Dr. Melva Thompson-Robinson knows the data on the disparate impact of the novel coronavirus and COVID-19 on African Americans and other minorities. Her key concern is how racism and unconscious bias continue to act as an accelerant of the pandemic.
“Stories are starting to come out where African Americans are presenting themselves to emergency rooms and having [COVID-19] symptoms and are not being seen,” Thompson-Robinson asserts. “In some cases, it’s taking multiple trips, but by the time they do get tested they are so sick they can’t recover.”
Thompson-Robinson could have had Ms. Deborah Gatewood in mind. Gatewood repeatedly sought to be tested in mid-March for COVID-19 symptoms at the hospital in Michigan where she had been employed as a healthcare worker for over 30 years, according to Fox News 2 in Detroit. She was turned away—four times—and advised to go home and take a mild palliative, like cough syrup. Gatewood finally became so ill she had to be transported by ambulance. She died in late March at age 63 in a different hospital. She tested positive there for COVID-19, but too late for a lifesaving intervention.
The Gatewood story is a horrific but not atypical reminder of the fatal outcomes that Dr. Thompson-Robinson attributes to a long history of sub-optimal health care experienced by African Americans and the inherent bias that bleeds into all aspects of American life, from education to housing to employment opportunities. “This is something that has been centuries in the making — in the inequality, in the racism that African Americans, in particular, have experienced, but also other black and brown populations as well,” Thompson-Robinson contends.
Thompson-Robinson, director of the Center for Health Disparities Research at the University of Nevada, Las Vegas, spoke on a May 1 video conference for ethnic media journalists hosted by Ethnic Media Services. By way of example, in Louisiana, African Americans comprise about 30 percent of the population and over 70 percent of the COVID-19 patients, Thompson-Robinson noted, while in Georgia, they constitute 32 percent of the population but 52 percent of the cases. She said in many communities, low wage occupations — now categorized as essential — are filled by minority workers who often have no health insurance even as data on their underlying health conditions goes uncollected.
“We don’t get cancer at a higher rate, but we die at a higher rate. We don’t go to the physician. We aren’t getting things checked out until it’s too late.” Even when presenting to a physician or medical staff in a timely manner, as Ms. Gatewood attempted to do in Michigan, unconscious bias or stereotypes can weigh in on what may ultimately be an ill-formed medical diagnosis or supposition.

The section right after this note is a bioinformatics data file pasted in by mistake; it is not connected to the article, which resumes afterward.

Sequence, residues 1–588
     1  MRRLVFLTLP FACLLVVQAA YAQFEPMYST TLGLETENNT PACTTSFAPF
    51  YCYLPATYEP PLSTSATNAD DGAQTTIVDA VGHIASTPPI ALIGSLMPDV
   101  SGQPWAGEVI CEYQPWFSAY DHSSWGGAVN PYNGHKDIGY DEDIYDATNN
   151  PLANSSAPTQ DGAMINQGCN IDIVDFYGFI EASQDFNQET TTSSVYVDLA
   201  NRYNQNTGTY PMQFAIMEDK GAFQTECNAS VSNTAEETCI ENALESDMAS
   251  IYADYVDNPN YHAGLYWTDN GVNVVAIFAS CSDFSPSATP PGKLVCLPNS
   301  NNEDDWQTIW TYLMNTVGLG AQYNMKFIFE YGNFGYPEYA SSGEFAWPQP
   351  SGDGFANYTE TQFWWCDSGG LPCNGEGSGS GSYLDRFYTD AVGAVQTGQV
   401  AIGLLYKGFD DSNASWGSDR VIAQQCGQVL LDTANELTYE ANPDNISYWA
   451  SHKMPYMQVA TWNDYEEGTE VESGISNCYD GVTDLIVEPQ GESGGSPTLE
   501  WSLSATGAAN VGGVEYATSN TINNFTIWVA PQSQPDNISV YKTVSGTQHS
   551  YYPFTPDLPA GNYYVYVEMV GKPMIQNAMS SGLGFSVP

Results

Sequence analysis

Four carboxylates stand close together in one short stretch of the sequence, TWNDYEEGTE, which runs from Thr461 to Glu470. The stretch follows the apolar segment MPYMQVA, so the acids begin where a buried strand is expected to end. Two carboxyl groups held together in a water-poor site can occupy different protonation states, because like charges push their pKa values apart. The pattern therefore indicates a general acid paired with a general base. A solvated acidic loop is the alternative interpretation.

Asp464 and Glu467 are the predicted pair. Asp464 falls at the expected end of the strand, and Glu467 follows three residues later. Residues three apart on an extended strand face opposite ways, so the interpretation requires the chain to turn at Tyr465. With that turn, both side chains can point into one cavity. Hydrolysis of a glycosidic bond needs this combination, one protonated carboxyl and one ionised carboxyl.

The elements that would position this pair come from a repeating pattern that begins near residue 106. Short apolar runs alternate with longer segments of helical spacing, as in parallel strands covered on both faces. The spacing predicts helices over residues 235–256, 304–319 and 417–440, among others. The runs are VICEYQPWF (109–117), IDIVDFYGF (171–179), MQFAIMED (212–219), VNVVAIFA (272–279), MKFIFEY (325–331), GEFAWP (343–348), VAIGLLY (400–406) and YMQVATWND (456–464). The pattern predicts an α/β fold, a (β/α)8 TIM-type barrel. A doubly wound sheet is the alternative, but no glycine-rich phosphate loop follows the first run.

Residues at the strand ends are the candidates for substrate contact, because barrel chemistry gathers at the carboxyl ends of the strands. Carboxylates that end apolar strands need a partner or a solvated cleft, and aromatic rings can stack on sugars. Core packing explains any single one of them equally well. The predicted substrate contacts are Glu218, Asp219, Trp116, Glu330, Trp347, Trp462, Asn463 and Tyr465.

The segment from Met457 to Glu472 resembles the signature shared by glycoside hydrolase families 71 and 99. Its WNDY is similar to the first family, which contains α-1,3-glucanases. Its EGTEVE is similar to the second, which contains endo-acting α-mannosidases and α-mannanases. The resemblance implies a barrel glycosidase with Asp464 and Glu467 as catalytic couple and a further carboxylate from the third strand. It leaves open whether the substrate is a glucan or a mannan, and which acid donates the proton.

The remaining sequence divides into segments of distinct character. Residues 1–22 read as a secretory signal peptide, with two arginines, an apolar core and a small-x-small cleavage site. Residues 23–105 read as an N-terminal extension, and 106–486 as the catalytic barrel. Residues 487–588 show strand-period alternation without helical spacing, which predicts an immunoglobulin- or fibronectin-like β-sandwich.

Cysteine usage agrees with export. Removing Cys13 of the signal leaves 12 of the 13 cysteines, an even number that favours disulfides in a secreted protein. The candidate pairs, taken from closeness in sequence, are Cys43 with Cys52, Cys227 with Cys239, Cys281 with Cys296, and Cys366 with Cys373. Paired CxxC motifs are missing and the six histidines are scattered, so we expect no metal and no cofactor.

Thompson-Robinson spoke of her own experience of having to forcefully advocate for a family member. She recommends that a prospective patient bring someone along to the emergency room to serve as an advocate when he or she isn’t feeling well. Individuals from minority groups aren’t taken seriously when they say they’re in pain or when they are unable to articulate their symptoms to the satisfaction of medical personnel.
As for bias, it can manifest in simple ways.
“‘Oh, I’m not racist,’” Thompson-Robinson says, mimicking a casual interaction. “But yet their actions treat people a little bit differently based on the biases they have. In the field of medicine, delays in being seen or treated typically yield poorer health outcomes.”
David Hayes-Bautista, director of the Center for the Study of Latino Health and Culture at UCLA, concurred that minorities staff the front lines of essential service professions.
“Feeding the nation and subject to deportation,” is how he described many of the undocumented or legally tenuous workers putting their lives at risk as farmworkers, meat packers, truck drivers, shelf stockers, check-out clerks, auto mechanics, bus drivers, nursing home attendants and other occupations heavily staffed by Latinos and people of color. They are also twice as likely not to have health insurance, Hayes-Bautista said.
In the public discourse about the effects of COVID-19, Mayra Alvarez, president of the Children’s Partnership, expressed dismay at the scant attention paid to children. Federal relief efforts have excluded immigrants and, by default, their children.
At least 55 million students have been cast adrift by school closings in 43 states and the District of Columbia. Food insecurity is a paramount concern, as is the dearth of access to distance learning. Nor is there much discussion about the long-term consequences of the trauma to which children are being exposed. Children are residing in food-insecure homes where their parents sacrifice their own meals to feed them, Alvarez said, citing a survey of 500 families in California by Children’s Partnership and Ed Trust. Some 72 percent of respondents said they “are worried about their family’s mental health.”
Offering one reason for hope, Alvarez said, “I truly believe that COVID-19 is shifting the conversation when it comes to greater understanding of historical inequities in health, in economic opportunity, in overall well-being — historical inequities that many of us have known have existed forever.”
It is a sentiment shared by Thompson-Robinson. “I hope that once we come out of this pandemic, these conversations will continue — and that people will realize the health of our communities, our workforce, our country is only as strong as its weakest link.”